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Thread: Is 3/4 Birch Ply a Good Material for Furniture Bottoms?

  1. #1
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    Is 3/4 Birch Ply a Good Material for Furniture Bottoms?

    I am building mid-century Modern dresser and tall chest. I used ply for the bottoms. The bottoms cantilever 4” past the legs on each side. Should I worry about the ply warping with the constant weight? The sides are bearing on the ends of the ply with no center support.
    Last edited by michael dilday; 03-08-2020 at 10:43 AM.
    Michael Dilday
    Suffolk, Va.

  2. #2
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    Depends. Are the sides of the case plywood or solid wood? Gluing and screwing a plywood bottom to solid wood sides will result in the sides splitting when the wood shrinks. If the sides are plywood, you should enough strength from the sides and mainly the back, to give the bottom the strength. I'd probably go with at least a 1/2" thick back.The total weight and size of the case also makes a difference.

  3. #3
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    I'm with Richard...we need to know more about how you are constructing your piece.
    --

    The most expensive tool is the one you buy "cheaply" and often...

  4. #4
    Shouldn't be an issue unless you're filling the drawers with books.

  5. #5
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    Quote Originally Posted by Jim Becker View Post
    I'm with Richard...we need to know more about how you are constructing your piece.
    It is a Mid-Century Modern 5 drawer chest. 40" wide, 50" tall and 18" deep. No face frame. The 7" legs are inset front and back 1 1/2" and on the sides 4" with 2" high cross supports between them. Bottom is 3/4 Birch ply with 2 1/2 frontal soft maple. Sides are soft maple joined panels with a 1/2" wide rabbet 3/4 deep rabbet to accept the bottom and it is glued and screwed from the bottom. The top is 3/4 soft maple joined panel glued and pocket screwed to the sides. The back is 1/4" birch stapled to the drawer separator frame backs and 1/2" square back supports around the edge inset 1/4". Drawer fronts are inset 1/4".
    Photos - 1 of 1.jpg
    Michael Dilday
    Suffolk, Va.

  6. #6
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    The sides and top could move around 1/8" to 3/16" from season to season. If you don't remove the bottom now and change the construction, something is going to give when that soft maple expands this summer.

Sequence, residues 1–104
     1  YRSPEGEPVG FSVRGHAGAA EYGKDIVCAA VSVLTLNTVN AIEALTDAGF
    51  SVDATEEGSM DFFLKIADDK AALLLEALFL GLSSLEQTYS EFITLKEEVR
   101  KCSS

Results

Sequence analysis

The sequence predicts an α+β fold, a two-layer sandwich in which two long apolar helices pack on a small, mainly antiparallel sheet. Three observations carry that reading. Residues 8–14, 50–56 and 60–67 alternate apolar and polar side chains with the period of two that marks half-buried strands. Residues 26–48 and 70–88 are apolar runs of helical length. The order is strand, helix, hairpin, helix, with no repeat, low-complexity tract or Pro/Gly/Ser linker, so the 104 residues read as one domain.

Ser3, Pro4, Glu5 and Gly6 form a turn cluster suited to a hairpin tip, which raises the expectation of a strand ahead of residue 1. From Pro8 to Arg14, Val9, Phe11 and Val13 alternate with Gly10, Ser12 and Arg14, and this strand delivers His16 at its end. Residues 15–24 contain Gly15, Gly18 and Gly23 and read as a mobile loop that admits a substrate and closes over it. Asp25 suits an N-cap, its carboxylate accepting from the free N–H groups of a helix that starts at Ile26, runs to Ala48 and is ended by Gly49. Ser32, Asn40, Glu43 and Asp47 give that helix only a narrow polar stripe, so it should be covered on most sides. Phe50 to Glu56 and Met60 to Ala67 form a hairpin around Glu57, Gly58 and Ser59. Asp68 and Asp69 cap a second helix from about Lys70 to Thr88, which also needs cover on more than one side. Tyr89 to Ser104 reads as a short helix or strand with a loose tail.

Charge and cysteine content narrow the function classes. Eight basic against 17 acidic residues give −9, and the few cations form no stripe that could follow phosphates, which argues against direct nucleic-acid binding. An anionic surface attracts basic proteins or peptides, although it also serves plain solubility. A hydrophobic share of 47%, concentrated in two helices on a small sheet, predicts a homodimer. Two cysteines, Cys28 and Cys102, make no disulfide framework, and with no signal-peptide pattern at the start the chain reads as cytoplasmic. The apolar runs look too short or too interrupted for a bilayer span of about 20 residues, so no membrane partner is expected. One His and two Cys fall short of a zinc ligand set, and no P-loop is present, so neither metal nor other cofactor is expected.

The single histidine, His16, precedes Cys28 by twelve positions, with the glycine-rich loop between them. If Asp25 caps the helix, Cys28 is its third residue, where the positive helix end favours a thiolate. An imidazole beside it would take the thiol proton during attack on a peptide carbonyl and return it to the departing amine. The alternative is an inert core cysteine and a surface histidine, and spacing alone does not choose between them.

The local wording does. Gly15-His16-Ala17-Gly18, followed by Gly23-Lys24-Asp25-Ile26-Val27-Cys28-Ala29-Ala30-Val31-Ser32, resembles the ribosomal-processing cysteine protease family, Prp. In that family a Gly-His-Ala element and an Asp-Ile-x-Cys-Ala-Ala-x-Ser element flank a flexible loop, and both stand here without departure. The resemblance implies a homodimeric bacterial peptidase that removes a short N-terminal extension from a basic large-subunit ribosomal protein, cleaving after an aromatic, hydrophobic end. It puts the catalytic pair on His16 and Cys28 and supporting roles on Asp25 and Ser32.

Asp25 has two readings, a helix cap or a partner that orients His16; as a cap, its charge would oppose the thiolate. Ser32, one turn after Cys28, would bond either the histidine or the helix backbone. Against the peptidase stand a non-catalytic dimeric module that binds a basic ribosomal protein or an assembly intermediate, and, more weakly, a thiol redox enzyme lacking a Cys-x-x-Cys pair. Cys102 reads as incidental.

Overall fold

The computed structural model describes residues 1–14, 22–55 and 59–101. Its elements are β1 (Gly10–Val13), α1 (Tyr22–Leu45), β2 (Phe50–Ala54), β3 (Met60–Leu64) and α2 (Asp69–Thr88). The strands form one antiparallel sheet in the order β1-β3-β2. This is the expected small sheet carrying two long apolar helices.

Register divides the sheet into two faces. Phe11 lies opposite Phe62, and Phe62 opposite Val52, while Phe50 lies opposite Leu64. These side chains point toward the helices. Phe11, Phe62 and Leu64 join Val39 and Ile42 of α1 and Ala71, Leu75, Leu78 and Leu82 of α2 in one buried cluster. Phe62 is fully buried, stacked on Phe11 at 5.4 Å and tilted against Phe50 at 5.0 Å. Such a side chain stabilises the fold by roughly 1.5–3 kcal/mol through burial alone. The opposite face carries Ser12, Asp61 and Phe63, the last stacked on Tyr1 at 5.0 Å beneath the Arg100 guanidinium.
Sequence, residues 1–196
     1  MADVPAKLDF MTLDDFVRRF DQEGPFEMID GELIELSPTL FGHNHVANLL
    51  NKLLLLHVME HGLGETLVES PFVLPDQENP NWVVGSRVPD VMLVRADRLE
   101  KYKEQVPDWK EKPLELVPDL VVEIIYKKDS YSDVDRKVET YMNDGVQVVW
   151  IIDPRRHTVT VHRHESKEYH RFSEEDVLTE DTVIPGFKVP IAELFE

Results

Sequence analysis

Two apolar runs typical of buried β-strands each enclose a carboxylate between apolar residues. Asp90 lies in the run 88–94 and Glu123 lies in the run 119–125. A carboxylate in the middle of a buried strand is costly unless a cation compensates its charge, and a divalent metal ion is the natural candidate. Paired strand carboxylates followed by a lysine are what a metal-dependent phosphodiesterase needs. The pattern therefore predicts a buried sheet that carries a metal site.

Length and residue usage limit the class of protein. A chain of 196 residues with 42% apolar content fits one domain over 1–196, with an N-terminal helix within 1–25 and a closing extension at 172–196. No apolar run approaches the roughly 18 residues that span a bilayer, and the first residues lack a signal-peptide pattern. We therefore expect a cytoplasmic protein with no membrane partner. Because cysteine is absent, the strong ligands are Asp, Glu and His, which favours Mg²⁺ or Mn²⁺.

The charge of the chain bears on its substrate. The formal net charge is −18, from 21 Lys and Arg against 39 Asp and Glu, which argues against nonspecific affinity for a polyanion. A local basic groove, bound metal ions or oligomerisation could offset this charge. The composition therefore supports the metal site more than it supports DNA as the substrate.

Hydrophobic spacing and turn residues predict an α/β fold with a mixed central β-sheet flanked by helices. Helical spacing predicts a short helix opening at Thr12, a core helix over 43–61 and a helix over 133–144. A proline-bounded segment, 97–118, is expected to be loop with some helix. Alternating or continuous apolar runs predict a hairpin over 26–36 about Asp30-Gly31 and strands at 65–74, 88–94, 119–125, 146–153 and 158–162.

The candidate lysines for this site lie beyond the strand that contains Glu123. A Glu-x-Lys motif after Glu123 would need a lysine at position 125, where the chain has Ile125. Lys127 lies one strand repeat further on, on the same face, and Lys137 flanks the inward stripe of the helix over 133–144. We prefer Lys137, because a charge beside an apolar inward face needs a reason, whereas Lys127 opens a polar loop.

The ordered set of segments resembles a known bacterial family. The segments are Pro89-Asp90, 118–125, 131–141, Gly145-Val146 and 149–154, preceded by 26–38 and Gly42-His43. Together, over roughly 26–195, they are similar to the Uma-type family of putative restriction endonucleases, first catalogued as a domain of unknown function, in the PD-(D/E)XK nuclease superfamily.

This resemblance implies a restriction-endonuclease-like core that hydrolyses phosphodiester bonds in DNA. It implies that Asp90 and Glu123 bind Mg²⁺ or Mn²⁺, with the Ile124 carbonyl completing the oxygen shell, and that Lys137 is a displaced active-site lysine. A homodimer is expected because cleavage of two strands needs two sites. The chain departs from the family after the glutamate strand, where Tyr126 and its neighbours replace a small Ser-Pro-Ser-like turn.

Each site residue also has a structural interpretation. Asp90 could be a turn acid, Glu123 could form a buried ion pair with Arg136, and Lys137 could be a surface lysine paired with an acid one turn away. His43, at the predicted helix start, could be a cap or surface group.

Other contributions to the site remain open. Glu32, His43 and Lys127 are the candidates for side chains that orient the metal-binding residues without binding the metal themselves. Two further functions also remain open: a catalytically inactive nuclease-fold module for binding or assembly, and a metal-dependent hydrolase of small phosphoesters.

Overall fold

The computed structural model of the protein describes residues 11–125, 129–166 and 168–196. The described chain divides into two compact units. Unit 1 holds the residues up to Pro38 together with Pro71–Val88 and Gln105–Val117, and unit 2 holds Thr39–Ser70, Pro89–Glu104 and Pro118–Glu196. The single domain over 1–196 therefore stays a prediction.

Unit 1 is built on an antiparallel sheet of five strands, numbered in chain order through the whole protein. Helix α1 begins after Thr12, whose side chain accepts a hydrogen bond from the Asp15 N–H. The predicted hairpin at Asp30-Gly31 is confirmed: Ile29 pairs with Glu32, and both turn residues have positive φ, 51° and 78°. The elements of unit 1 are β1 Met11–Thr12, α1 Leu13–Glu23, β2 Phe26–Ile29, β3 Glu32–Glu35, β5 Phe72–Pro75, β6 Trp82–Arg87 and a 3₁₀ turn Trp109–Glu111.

7. #7
    I'm looking at a mid century piece right now. Ply wood and cantilevered.
    I'll bet I watched norm abrams build a dozen pieces mixing hardwood and plywood. It looks well built and the dust frames add stability. I think you'll be OK

  8. #8
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    Ok, so since the sides and top are made from solid stock, you really should make the bottom from the same solid stock, oriented the same grain direction as the other three sides. (presumably grain running parallel to front/back of the case) Why? Wood movement. If your case top and dust frames were also made of plywood, than a plywood bottom would be fine.
    --

    The most expensive tool is the one you buy "cheaply" and often...

  9. #9
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    Quote Originally Posted by kent wardecke View Post
    I'm looking at a mid century piece right now. Ply wood and cantilevered.
    I'll bet I watched norm abrams build a dozen pieces mixing hardwood and plywood. It looks well built and the dust frames add stability. I think you'll be OK
    Norm was a carpenter and heard from a lot of critics who chastised him for ignoring seasonal wood movement in early episodes. In latter episodes he improved his methods by slotting holes and only gluing for a short distance in the middle or front so the movement could occur. Anyone can ignore laws of nature if they choose, but sooner or latter, nature wins.

  10. #10
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    If I am making furniture, I use solid wood most of the time. It is fun looking for the wood you want. I normally go here.
    https://www.clarkshardwood.com/

    It's like I am a kid in a candy store.

  11. #11
    I'm looking at a mid century piece right now. Ply wood and cantilevered.
    I'll bet I watched norm abrams build a dozen pieces mixing hardwood and plywood. It looks well built and the dust frames add stability. I think you'll be OK

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